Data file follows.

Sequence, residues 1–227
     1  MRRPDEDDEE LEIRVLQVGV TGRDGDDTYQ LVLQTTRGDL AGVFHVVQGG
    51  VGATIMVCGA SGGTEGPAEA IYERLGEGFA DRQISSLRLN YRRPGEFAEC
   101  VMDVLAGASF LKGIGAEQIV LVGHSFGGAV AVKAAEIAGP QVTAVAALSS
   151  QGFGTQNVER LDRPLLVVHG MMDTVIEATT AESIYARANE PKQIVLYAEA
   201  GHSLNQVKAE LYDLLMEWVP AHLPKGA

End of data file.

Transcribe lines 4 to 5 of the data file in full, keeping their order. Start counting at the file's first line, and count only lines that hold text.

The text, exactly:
   101  VMDVLAGASF LKGIGAEQIV LVGHSFGGAV AVKAAEIAGP QVTAVAALSS
   151  QGFGTQNVER LDRPLLVVHG MMDTVIEATT AESIYARANE PKQIVLYAEA